League of Empires: Interwar Internationalism, European Colonialism, and the Problem of “Native Labor”
Monday, January 5, 2015: 8:30 AM
Concourse H (New York Hilton)
The emergence of the League of Nations marked an important historical moment in the internationalization of imperial and colonial affairs Among other important aspects, the League entailed the broadening of the scope of the international obligation to suppress slavery and all its forms, providing a global platform for the circulation of comparable information about colonial realities and creating the basic conditions for the establishment of standards of imperial civilization, via the formulation of norms and legal frameworks (e.g. about slavery, forced labor, racial discrimination, “native welfare”). At the same time, through its Slavery Commission, it also promoted the definition of common instruments of analysis and comparison of imperial and colonial politics and policies (e.g. questionnaires). All these processes were sponsored by the International Labor Organization (ILO), namely by its Committee of Experts on Native Labor. The international scrutiny and tentative supervision of the imperial and colonial modi operandi, which potentially involved the restriction of imperial sovereignty, were gradually institutionalized.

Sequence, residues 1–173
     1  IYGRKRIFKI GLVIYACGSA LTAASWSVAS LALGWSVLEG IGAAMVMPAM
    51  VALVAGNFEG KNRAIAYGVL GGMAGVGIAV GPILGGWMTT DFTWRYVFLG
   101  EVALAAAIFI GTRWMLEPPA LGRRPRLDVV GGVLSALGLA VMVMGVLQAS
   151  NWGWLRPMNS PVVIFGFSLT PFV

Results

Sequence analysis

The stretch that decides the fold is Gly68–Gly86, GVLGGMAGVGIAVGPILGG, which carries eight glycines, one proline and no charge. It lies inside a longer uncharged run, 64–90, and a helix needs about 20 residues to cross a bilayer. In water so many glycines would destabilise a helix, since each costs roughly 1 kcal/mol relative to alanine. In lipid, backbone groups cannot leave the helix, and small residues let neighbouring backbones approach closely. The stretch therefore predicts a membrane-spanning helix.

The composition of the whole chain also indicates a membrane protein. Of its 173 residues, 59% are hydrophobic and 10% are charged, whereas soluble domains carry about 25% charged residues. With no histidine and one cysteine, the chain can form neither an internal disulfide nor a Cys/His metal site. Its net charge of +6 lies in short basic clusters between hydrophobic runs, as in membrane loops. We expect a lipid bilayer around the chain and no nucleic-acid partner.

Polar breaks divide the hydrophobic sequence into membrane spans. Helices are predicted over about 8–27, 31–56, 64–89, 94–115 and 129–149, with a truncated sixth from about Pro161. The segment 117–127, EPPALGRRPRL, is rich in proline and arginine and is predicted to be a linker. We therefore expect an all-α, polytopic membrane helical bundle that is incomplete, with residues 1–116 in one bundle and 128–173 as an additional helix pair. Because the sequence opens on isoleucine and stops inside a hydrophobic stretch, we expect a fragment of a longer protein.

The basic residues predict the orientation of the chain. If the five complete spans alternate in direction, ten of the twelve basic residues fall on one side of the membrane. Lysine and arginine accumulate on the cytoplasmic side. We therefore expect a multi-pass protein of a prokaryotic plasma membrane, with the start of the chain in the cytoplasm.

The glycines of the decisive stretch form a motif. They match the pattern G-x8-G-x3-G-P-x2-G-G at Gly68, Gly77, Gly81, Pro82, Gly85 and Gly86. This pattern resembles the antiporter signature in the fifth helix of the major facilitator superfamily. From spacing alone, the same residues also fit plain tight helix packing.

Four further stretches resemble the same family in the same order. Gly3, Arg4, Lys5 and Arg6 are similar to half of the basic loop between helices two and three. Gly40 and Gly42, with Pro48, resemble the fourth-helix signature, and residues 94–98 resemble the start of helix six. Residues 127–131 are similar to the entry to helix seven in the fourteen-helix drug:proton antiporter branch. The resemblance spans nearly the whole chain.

By exploring the historical co-constitution of distinct internationalisms and imperialisms, this paper explores the intersection of political power and shared norms. The debates within the League and ILO and the role played by humanitarian transnational pressure groups are analyzed, as are the ways in which European colonial empires dealt with these new frameworks, resisting their potential constrains via strategies of interimperial cooperation, but also seizing their actual political and economic opportunities, aiming to enhance their international legitimacy as Empire-states and to consolidate their colonial rule.